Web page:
Much to my surprise, my students forced the issue and demanded that we talk about the movie. Some hated it and wanted to vent. Others, though, were furious at these kids, and explained why it not only fit into the course, but was a really important movie. One girl who hadn’t said anything throughout the semester was particularly moved by the film, and said that it made her feel awful about all the time she’d wasted not trying to make art. This is exactly the kind of thing I’d hoped the novels in the course would inspire someone to say, but I wasn’t expecting that a plotless 20-year-old film about stoners, nerds, and other assorted weirdos in Austin, TX would speak to them. I put it on the syllabus because it was a movie I loved, and because I needed to show a film.
I now realize that I should have seen this coming. Students (yes, even English majors) routinely tell me that they “don’t have time to read,” and we live in an increasingly visual culture. Hell, even the respected business reporter Felix Salmon recently declared himself “post-text.” He writes:
Text has had an amazing run, online, not least because it’s easy and cheap to produce. When it comes to digital storytelling, however, the possibilities — at least if you have the kind of resources that Fusion has — are much, much greater. I want to do immersive digital stuff, I want to make animations, I want to use video, I want to experiment with new ways of communicating in a new medium. I can do all of that at Fusion.
My summer class was a few years back, but this kind of thing was already shaping my students’ minds. Text is just so boring and, well, textual. Still, I was stunned that a film as loose as Slacker made some of them think about anything other than what they might need to remember to pass my reading quizzes, which one student called “the bain (sic) of my existence” in a course evaluation. I am particularly proud of that one.
About a year ago, I wrote that Steven Soderbergh may go down as the most important mainstream filmmaker of his generation. I stand by this statement, but I wouldn’t be surprised if the Coens or Wes Anderson are in the conversation too. And after watching the trailer for Richard Linklater’s new film, Boyhood, I kind of wish I’d mentioned Linklater in the same breath as Soderbergh. I can’t help thinking of one and not the other. Like Soderbergh, the diversity of Linklater’s projects sets him apart from other directors. While Anderson’s films have a stylistic consistency, there isn’t a “Richard Linklater look” (other than the fact that the guy himself is in his 50s, but looks about 35). He’s made rotoscoped movies, slick Hollywood comedies, a real-time dramatic adaptation, a gonzo travel show, and, for my money, one of the best and most consistent (from film to film) trilogies ever shot. And this list doesn’t include Dazed and Confused, the best movie about high school and salmon-colored pants ever made.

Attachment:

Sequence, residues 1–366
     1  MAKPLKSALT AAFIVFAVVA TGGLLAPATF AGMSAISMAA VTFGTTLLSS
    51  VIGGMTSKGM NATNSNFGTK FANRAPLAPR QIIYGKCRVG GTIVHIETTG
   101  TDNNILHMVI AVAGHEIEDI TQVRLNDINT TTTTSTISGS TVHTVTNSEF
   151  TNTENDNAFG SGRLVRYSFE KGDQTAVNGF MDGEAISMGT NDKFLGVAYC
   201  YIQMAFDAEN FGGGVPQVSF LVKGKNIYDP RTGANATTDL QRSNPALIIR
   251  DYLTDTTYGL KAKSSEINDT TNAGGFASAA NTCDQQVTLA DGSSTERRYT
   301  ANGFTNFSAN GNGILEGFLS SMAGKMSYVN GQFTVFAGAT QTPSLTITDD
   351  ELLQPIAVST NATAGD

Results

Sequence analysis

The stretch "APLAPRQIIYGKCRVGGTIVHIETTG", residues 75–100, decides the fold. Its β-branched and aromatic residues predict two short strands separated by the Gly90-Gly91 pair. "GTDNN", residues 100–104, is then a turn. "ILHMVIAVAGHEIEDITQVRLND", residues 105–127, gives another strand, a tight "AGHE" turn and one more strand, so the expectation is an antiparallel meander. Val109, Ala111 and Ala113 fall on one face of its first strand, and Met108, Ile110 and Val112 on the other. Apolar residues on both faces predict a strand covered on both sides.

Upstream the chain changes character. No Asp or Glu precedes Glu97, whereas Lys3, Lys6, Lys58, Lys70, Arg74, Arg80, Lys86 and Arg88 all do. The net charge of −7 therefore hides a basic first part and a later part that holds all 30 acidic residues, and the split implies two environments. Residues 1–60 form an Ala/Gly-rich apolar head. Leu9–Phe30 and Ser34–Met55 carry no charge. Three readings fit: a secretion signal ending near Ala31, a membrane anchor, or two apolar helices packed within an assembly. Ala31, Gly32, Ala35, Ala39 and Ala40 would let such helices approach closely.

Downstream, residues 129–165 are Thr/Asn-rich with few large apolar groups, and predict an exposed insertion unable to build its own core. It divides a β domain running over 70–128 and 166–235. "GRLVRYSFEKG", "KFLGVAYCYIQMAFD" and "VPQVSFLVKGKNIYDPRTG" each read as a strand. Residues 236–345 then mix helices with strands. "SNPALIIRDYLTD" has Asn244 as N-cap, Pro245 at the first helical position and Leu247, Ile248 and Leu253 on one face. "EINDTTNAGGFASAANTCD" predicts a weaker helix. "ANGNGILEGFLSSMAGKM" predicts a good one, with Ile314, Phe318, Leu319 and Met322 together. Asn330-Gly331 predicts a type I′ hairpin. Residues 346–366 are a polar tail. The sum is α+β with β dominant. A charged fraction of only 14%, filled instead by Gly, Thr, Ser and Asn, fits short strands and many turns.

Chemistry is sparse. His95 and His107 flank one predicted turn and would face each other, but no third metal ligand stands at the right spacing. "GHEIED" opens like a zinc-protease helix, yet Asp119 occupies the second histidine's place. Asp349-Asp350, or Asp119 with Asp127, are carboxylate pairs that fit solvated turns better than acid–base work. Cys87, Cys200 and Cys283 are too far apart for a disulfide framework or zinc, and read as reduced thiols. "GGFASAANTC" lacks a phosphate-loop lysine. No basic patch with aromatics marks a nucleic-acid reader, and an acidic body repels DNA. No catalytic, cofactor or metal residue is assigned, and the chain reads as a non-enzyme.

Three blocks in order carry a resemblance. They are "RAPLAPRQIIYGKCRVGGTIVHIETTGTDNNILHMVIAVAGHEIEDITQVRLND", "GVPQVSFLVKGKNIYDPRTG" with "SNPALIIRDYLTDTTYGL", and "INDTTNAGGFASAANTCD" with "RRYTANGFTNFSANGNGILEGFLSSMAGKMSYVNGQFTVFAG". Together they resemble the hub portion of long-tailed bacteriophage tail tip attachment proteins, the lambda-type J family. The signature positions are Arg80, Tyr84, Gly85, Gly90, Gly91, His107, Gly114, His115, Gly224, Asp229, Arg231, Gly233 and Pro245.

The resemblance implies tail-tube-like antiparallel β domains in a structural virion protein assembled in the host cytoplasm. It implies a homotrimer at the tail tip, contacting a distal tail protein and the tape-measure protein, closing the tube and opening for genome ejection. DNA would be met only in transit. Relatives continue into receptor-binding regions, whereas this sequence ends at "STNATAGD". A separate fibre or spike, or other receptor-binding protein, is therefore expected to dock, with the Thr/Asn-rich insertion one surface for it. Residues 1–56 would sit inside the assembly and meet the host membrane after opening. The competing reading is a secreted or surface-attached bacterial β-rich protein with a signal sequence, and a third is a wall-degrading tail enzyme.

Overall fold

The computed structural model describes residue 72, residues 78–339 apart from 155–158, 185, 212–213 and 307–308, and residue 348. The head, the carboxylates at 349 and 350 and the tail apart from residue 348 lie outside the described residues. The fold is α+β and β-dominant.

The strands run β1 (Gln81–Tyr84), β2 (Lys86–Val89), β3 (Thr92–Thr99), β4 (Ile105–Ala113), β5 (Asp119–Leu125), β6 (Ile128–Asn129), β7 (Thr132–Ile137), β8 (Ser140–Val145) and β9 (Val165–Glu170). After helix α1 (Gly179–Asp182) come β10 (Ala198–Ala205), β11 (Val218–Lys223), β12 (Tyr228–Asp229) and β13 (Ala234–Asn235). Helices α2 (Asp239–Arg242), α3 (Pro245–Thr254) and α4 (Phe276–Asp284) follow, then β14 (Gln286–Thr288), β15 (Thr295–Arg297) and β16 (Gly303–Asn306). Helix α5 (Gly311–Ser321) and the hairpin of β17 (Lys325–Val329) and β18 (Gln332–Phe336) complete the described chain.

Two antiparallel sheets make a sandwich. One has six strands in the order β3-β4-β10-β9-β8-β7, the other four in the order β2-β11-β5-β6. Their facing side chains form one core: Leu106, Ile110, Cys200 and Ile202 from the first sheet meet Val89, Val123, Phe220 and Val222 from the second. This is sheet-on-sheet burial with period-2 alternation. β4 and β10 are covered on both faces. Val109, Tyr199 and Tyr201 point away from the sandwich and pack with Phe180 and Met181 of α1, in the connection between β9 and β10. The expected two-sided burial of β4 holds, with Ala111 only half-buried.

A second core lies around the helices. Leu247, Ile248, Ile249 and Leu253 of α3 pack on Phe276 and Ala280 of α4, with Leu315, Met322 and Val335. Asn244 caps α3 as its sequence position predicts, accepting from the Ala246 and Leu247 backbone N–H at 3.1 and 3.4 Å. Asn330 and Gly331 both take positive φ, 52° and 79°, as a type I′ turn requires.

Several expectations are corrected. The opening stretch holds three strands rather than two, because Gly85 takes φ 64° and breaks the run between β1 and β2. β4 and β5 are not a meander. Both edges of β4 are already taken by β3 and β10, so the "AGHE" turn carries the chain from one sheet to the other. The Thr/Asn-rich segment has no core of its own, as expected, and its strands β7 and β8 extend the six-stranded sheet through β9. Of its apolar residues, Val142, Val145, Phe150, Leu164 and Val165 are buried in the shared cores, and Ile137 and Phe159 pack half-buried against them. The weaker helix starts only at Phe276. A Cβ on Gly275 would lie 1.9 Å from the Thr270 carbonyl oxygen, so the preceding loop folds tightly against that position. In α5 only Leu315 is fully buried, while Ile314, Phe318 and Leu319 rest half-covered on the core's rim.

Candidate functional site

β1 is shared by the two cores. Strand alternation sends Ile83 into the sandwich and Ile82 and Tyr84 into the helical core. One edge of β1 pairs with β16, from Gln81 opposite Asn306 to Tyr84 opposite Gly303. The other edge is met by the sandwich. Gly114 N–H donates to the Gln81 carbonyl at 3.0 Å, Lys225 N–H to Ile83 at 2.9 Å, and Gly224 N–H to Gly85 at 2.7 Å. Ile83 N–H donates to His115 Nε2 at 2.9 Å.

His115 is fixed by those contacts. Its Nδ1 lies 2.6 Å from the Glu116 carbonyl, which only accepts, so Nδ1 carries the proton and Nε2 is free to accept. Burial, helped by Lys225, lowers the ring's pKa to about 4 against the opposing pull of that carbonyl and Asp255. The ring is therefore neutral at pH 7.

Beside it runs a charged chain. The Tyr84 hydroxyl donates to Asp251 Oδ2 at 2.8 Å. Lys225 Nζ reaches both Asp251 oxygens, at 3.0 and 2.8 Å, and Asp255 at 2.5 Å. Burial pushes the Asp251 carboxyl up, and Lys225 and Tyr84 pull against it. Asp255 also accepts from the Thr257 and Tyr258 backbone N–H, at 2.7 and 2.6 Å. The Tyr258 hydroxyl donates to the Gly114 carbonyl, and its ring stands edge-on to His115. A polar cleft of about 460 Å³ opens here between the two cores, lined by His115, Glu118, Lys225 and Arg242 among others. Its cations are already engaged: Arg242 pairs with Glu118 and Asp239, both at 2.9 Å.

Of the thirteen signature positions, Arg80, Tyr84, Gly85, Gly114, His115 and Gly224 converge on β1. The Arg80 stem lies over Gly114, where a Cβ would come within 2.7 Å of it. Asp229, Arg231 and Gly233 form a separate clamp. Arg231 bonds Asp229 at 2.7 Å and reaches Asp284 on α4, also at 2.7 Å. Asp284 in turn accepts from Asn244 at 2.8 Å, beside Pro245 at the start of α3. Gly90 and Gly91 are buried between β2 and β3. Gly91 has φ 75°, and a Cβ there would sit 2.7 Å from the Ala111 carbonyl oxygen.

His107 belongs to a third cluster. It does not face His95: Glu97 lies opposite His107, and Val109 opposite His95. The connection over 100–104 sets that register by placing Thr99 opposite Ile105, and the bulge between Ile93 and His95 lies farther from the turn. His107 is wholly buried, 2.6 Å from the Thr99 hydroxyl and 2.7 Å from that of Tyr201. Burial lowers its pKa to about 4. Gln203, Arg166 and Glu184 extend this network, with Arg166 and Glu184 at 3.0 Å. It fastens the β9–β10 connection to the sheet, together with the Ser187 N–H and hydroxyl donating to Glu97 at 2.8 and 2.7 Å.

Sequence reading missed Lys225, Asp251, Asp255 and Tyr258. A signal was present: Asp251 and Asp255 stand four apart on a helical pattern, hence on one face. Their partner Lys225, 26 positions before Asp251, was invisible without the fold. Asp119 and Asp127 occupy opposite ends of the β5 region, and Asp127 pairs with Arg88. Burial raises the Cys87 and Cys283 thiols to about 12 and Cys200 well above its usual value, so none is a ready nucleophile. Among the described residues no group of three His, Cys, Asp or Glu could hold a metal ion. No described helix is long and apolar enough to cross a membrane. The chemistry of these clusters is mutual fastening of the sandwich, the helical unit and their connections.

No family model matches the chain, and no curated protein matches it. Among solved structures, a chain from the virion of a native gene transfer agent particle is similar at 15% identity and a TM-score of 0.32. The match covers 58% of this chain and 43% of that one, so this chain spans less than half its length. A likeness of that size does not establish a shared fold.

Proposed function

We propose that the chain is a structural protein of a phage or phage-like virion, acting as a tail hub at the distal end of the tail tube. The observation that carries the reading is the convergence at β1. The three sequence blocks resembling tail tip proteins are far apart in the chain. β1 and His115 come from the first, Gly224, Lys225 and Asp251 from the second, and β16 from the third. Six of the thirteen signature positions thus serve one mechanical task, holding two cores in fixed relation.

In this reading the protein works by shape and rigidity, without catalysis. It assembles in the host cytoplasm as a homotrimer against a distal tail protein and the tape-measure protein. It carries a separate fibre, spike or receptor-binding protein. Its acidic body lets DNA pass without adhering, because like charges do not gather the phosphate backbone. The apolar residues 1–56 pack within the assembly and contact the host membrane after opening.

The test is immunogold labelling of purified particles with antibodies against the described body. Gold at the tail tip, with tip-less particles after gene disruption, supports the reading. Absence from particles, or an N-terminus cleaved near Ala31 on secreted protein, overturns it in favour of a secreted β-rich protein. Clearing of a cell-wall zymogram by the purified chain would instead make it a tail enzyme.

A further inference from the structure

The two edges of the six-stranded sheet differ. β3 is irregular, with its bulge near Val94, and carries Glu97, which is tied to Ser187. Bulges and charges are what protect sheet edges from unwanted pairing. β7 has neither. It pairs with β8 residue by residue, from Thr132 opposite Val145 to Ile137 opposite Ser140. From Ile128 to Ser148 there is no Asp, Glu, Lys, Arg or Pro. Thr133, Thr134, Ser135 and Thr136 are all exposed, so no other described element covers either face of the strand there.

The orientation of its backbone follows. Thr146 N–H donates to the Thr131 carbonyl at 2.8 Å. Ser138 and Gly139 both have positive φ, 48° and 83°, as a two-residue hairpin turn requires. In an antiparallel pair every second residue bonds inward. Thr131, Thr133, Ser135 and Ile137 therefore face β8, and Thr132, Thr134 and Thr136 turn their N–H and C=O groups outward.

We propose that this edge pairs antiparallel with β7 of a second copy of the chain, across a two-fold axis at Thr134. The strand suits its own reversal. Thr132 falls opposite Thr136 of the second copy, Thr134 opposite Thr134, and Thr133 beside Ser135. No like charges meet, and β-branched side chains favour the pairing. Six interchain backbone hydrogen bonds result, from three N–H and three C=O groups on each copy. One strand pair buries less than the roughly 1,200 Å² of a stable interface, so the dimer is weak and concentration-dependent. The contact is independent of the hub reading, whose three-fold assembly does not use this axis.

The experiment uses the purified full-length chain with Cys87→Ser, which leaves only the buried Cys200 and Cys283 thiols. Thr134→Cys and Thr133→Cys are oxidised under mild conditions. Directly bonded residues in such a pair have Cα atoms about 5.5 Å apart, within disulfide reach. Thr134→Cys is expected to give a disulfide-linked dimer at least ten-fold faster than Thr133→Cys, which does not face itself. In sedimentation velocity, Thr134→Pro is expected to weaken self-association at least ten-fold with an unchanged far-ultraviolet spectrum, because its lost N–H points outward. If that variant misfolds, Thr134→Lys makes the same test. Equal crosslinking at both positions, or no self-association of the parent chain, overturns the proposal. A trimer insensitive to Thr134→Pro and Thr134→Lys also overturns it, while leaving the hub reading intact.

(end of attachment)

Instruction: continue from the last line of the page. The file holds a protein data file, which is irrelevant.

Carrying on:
Linklater’s latest film is perhaps his most experimental. Boyhood tells a simple story about a kid between the ages of six and eighteen, but it has taken twelve years to finish shooting. This isn’t due to some power struggle with a studio, as was the case with Kenneth Lonergan’s excellent movie, Margaret. No, this was by design, as the film uses the same child actor, Ellar Coltrane, throughout. Filmed for a few weeks each summer, Boyhood features Linklater’s frequent collaborator, Ethan Hawke, and Patricia Arquette as Coltrane’s divorced parents. Hawke’s role in the movie is particularly interesting, as it means he was involved in two long-term projects with Linklater, including two installments of the Before Trilogy (Before Sunsetand Before Midnight) over the course of shooting Boyhood.
As the world becomes more “post-text,” Linklater may be the mainstream filmmaker best positioned to bring the virtues of the novel into film. Hollywood movies have been eschewing long takes in favor of MTV-style quick cuts (Soderbergh is the master of this) for decades now, but Linklater’s process, and his products like Waking Life and the BeforeTrilogy (which may get even more installments in the future) reveal a commitment to the idea that the fullness of time is integral to understanding relationships between people and ideas. Tweets and shorts are great, but the bildungsroman has been the most durable narrative form because we’re all fascinated by the idea that moments within the thousands of days we’ve lived have determined where we are, and that unknown moments will determine where we will go. The moments need context in order to resonate, and context is what Linklater depicts through dialogue, visual metaphor, and implied scope better than any director today. Watch the trailer for Boyhood to see what I mean.
Yesterday, I came across a tweet proclaiming that this year’s freshman admits to UCSB have an average high school GPA of 4.15. Think about that for a second. On a 4.0-scale, the kids who have been let in to the fourth or fifth-best public university in the state of California don’t just have above-average grades, but above-perfect grades. Imagine the grades of the students admitted to Cal or UCLA!
“But, Dan,” you say, “how is it possible for students to be more than perfect?”